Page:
Aw, I feel tur’ble bad for having made fun of Edgar Guest’s poetry in the previous post. Is he corny? Well, yeah. Sentimental? By the truckload. Do his poems not meet the lofty standards set by the poets of Academe? Well, I guess not, but, c’mon, have you ever tried reading their stuff? Go ahead, pull down one of their collections from your bookshelf and… What’s that? You don’t have any of their collections? Oh. Well…
Here, then is a snippet from contemporary poet Mary Jo Bang’s The Eye Like a Strange Balloon Mounts Toward Infinity. (I am NOT making this up.)
The Eye Like a Strange Balloon Mounts Toward Infinity
We were going toward nothing
all along. Honing the acoustics,
heralding the instant
shifts, horizontal to vertical, particle
to plexus, morning to late,
lunch to later yet, instant to over. Done
to overdone. And all against
a pet-shop cacophony, the roof withstanding
There are seven more verses of this. If the suspense is killing you, you can read the rest of them HERE.
To be fair, the real contemporary comparison to Edgar Guest, whose work appeared in newspapers for the pleasure of ordinary readers, would be to the brilliant minds behind popular song lyrics. If we’re going to laugh at Edgar Guest (and we are!), then how much ridicule should we heap on these immortal lines of Bono:
Sleight of hand and twist of fate
On a bed of nails she makes me wait.
Wow, that’s painful, and I don’t meant the bed of nails. But if that doesn’t make you wince, try this bit o’ hokum from Coldplay — lines treated with utmost seriousness by critics (“a leap towards greatness” says the LA Times):
Was a long and dark December
From the rooftops I remember
There was snow
Priests clutched onto bibles
Hollowed out to fit their rifles
And the cross was held aloft
… and so on…
Just how big are those hollowed-out bibles? Well, anyhow, we’re in no position to make fun of the popular verse of previous generations.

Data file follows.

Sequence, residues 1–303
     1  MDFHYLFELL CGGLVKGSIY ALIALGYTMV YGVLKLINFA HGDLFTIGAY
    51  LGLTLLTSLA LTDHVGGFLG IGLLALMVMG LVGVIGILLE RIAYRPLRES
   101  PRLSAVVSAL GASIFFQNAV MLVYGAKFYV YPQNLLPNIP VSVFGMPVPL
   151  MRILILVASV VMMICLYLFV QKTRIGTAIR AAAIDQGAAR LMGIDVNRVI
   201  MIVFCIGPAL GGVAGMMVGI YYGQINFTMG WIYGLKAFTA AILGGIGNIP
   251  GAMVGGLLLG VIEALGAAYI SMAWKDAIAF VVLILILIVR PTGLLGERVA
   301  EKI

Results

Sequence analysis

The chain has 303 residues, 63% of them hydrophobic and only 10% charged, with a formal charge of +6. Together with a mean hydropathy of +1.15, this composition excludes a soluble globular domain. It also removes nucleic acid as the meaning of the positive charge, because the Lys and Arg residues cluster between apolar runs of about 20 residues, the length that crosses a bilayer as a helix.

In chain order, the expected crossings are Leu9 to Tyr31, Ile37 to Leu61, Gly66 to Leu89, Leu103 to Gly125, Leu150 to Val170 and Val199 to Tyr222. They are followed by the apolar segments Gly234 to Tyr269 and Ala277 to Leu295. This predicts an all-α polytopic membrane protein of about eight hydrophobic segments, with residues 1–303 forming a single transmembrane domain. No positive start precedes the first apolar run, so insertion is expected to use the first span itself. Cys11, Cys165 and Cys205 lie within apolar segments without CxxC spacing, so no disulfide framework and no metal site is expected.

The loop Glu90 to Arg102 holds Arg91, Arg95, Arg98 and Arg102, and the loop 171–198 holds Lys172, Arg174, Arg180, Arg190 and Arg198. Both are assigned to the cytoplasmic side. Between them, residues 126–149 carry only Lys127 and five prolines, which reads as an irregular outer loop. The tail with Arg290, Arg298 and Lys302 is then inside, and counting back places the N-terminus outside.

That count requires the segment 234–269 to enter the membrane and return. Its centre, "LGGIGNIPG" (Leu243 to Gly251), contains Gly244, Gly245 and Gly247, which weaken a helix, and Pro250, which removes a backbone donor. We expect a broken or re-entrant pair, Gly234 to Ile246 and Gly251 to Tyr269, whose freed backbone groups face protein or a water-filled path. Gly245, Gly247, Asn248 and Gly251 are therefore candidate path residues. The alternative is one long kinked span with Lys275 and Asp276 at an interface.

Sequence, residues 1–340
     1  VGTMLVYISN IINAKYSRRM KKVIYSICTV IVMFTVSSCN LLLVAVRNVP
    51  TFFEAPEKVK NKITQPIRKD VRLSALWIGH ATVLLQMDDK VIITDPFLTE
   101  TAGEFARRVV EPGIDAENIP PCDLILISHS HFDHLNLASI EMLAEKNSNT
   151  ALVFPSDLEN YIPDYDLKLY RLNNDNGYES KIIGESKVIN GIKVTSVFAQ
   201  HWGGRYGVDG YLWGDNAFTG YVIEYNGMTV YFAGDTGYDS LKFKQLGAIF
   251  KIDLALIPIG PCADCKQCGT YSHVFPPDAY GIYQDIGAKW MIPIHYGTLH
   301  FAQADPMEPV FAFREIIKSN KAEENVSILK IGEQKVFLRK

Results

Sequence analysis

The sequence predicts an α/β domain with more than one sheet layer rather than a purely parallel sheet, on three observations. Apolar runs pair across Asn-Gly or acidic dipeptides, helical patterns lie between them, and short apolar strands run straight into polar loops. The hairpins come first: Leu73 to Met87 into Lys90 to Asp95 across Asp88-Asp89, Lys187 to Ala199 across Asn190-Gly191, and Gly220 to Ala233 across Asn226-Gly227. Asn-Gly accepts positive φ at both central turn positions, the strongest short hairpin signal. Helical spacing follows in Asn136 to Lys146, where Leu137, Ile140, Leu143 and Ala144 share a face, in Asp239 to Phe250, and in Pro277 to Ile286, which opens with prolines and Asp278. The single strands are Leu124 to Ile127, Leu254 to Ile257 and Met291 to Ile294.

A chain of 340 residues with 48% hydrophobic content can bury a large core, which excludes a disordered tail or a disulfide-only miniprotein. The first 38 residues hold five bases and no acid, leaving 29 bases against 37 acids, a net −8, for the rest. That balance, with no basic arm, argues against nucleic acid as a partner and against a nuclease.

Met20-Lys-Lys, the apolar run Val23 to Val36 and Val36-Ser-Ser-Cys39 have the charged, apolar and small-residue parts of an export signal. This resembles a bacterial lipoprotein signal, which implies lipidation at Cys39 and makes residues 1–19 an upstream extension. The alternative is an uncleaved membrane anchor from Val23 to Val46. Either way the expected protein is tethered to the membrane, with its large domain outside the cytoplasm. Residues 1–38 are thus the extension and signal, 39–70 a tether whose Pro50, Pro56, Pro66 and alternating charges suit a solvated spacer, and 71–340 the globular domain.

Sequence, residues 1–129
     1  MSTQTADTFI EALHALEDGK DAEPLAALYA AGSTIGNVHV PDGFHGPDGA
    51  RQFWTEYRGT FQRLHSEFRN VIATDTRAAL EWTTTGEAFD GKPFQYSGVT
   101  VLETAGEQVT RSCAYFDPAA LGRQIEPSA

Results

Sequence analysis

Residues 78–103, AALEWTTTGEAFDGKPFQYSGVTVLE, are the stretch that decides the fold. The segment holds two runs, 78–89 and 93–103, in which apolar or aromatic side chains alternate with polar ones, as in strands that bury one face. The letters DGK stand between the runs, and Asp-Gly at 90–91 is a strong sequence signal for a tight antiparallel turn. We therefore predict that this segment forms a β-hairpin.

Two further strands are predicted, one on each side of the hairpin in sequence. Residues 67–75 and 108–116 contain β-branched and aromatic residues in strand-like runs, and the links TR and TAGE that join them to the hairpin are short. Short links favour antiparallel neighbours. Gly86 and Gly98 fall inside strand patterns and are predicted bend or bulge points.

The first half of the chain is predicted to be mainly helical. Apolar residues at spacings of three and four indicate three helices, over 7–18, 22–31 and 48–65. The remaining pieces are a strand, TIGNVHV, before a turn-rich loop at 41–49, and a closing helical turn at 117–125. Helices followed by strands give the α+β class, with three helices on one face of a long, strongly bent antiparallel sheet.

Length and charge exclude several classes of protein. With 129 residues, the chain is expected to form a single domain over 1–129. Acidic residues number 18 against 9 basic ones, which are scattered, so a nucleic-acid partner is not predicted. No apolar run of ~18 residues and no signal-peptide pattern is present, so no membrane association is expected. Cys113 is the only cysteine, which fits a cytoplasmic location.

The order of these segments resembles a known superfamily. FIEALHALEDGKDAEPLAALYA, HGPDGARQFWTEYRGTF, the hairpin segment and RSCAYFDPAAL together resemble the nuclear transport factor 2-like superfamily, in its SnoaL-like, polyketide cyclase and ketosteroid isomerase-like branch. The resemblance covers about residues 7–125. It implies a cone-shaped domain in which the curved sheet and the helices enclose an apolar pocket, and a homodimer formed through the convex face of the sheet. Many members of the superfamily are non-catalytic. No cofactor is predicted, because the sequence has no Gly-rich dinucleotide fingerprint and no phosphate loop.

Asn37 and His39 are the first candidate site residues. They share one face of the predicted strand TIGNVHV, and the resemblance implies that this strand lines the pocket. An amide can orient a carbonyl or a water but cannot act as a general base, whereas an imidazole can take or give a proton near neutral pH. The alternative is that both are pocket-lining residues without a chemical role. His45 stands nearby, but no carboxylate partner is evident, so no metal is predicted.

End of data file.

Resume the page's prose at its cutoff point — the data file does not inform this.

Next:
Back in a high school English class, we were once given two snippets of verse to compare and for which we were asked to express a preference. One was some anonymous bit of fluff: “Just to be meek/Just to be mild./Just to be God’s own/Little child.” Or something like that. The other was from Gerard Manley Hopkin’s Pied Beauty: “Glory be to God for dappled things — /For skies of couple-colour like a brinded cow;”. Well, most of the class was shrewd enough to know the dice were loaded: we were supposed to applaud Hopkins and scorn the nursery rhyme. One girl, though, was stubborn in her championing the simple sentimental lines. She was marginalized, of course — we laughed at her — and thus were we guided to feign good taste. To know we were supposed to prefer, say, T.S. Eliot over Walter de la Mare — without being able to articulate why in a way that would hold water. In other words: we were educated.
What’s this have to do with that Dufy painting up there atop this post? In that same school, same year, we were asked at the outset of a painting class to name our favorite painter. I was young and dumb enough to be honest and cited Raoul Dufy, a choice which raised the eyebrows of our pseudo-intellectual art teacher so high he looked like Cap’n Crunch. We were supposed to like Rauschenberg or Stella or some such bore. I was embarassed, but I learned my lesson: Suppressed my personal taste, never mentioned Dufy again throughout all my art schooling. Didn’t so much as look at his stuff even though I never stopped loving those exhuberant colors, unfettered lines and delightful subjects.
But now I’m all growed up. I like what I like what I like. That Dufy painting, The Orchestra in Arles, is a scan from the calendar that hangs defiantly to the left of the table at which I type this. Take that, “educators!” Or, as the Great Bard of Michigan once wrote: